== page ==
Why Brewpubs & Microbreweries Are Brewing up a Storm
Craft products and keg formats continue to make steep inroads into cask-conditioned beers and craft outlets may even fill the gap left by pub closures.
After several years of decline, beer sales in the UK are on the up again – indeed, with a 2.6% increase overall, 2018 showed the highest volume total in some 45 years, all of which cannot be attributed solely to a long hot summer and the World Cup. In fact, even during the years of overall decline, there has been some really dynamic movement – and real growth – within the headline figures.
Much of this growth continues to come from craft microbreweries and brewpubs, especially in terms of the smaller, craft brewers who produce less than 30,000 barrels. In fact, looking at the figures more closely, the real growth comes from breweries producing less than 15,000 barrels a year, and it’s craft beer that’s forecast to continue to grow as a category at the expense of ‘standard’ lager and ale. Some forecasts actually see these beers declining by around 25% over the next 5 years in on-trade terms.
Unsurprisingly, microbreweries account for nearly two-thirds of the craft category’s total growth, simply because there are more of them, but brewpub sales are growing at not far short of 20% year on year. Overall, consumption of premium craft beers is just shy of 2.9 million hectolitres, up some 3% over the last couple of years, representing over 500 million pints, and amounting to around 6.5% of the total UK beer market. Growth is being driven by consumer interest in premiumization and quality, as well as provenance, with craft products being seen as those that have a strong story. This driver is especially strong with younger consumers (Millennials, and now Generation Z – those consumers aged under 22) who look to drink less, but better. Consumers are more and more looking for smaller, independent producers rather than large corporations, those companies linked to a specific locality, seen to be working to ethical standards and values, using traditional, artisanal methods, with a focus on high human-input hand-crafted quality, and using locally-sourced ingredients to produce beers with unique character, taste and flavour. From a consumer perspective, it’s very much about having trust and respect for the producer and their brand(s). This dynamic is also reflected in the fact that there are now more than 2,000 breweries, the most for more than 80 years.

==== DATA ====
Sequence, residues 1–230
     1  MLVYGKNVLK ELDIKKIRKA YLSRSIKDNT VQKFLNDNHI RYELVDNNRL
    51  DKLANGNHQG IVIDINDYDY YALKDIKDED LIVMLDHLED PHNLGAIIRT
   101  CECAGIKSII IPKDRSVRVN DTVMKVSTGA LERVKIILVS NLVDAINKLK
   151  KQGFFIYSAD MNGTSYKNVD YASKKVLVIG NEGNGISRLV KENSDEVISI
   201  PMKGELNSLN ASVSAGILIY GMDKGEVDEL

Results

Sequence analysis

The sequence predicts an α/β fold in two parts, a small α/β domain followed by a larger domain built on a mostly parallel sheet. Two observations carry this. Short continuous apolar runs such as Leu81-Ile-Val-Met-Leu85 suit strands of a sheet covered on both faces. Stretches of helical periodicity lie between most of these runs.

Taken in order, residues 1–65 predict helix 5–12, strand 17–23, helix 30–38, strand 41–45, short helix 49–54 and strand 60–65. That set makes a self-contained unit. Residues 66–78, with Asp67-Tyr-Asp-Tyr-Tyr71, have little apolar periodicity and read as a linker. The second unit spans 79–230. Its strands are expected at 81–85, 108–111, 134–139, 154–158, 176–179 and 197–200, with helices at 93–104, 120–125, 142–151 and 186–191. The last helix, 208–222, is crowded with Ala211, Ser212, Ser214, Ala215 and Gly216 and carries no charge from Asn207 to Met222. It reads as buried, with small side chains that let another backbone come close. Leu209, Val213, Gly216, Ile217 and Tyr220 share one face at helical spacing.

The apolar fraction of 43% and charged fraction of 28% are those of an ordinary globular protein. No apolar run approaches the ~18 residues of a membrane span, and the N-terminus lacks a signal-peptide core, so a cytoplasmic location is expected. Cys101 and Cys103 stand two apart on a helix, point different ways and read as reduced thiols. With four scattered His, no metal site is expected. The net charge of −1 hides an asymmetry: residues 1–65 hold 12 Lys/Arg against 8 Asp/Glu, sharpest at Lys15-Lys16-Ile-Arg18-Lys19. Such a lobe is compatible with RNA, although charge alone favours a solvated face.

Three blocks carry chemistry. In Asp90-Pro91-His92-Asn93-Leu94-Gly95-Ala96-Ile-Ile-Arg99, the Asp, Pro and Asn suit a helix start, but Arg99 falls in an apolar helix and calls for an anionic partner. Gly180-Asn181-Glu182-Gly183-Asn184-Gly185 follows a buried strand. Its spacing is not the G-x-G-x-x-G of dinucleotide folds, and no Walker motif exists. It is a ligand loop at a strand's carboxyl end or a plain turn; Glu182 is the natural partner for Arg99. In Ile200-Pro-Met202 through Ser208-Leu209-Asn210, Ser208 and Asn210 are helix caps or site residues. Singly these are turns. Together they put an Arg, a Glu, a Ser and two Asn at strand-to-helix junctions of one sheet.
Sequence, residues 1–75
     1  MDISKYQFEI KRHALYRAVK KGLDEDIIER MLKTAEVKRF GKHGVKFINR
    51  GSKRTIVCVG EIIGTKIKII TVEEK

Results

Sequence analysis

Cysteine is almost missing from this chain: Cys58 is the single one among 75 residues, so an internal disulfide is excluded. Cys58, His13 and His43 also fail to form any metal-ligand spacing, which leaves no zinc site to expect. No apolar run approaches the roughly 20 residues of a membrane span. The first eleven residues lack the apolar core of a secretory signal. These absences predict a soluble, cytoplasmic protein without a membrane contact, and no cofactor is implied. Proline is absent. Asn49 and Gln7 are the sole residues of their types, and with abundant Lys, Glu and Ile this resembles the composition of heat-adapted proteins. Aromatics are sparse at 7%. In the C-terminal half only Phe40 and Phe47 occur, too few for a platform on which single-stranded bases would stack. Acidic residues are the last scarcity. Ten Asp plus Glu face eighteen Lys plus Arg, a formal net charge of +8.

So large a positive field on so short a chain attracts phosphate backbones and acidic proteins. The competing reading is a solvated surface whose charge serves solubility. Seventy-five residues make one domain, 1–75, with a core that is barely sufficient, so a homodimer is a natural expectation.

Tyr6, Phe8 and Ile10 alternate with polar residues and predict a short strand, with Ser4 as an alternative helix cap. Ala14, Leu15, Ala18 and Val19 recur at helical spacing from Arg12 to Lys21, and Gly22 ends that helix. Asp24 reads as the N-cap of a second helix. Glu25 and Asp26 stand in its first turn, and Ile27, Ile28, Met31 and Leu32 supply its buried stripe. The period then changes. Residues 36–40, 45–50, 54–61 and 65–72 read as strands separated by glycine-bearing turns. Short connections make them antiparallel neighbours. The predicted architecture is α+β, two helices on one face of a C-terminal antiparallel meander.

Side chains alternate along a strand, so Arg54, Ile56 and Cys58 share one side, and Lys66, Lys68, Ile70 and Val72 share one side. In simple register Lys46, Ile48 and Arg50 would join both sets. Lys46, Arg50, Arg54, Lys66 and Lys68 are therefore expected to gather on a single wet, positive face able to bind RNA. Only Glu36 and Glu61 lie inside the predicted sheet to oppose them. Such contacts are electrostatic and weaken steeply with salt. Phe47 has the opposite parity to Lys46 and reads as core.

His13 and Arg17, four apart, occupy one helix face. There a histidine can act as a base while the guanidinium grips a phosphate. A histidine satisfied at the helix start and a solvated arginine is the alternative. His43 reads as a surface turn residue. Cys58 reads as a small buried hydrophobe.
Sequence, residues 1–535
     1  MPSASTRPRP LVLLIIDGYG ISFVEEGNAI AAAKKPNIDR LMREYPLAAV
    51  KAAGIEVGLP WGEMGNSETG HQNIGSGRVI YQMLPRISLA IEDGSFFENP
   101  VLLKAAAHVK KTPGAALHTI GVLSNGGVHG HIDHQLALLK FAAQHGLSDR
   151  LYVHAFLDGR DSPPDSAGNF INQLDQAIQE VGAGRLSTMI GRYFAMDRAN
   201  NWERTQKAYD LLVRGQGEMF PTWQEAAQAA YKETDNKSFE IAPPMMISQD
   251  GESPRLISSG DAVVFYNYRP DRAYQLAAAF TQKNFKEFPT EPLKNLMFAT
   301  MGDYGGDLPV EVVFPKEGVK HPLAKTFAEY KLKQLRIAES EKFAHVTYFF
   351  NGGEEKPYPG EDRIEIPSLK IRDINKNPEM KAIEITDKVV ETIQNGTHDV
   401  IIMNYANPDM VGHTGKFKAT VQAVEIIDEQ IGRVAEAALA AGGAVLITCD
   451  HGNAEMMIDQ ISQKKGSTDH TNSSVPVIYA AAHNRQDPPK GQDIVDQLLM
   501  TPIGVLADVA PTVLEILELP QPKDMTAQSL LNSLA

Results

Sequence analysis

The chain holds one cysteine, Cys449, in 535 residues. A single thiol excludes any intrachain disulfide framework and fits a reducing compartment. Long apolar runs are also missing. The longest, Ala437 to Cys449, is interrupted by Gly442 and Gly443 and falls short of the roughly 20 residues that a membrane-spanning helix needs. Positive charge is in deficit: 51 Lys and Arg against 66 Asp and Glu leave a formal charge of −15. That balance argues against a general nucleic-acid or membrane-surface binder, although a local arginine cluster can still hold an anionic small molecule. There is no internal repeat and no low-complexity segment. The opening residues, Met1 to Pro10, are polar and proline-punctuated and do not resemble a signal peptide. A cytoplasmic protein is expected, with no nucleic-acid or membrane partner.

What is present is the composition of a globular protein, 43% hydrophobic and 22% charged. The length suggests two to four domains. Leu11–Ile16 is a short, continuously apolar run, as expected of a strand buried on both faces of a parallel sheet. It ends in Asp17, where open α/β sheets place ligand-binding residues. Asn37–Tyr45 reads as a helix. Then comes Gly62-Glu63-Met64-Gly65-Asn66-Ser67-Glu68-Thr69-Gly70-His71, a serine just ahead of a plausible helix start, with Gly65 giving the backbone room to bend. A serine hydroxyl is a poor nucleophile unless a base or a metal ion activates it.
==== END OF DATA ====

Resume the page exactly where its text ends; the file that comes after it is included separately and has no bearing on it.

The route to market – how and where breweries are selling their beers – is undergoing dynamic change, too. Today, two-thirds of craft breweries have on-site facilities producing between 10% and 25% of their turnover. Half of these have shops, a third have tap rooms, and a third have visitor centers: it’s all part of the connection between craft breweries – where the beer comes from – and a high proportion of their customers who are very much wedded to the idea of independence and local products.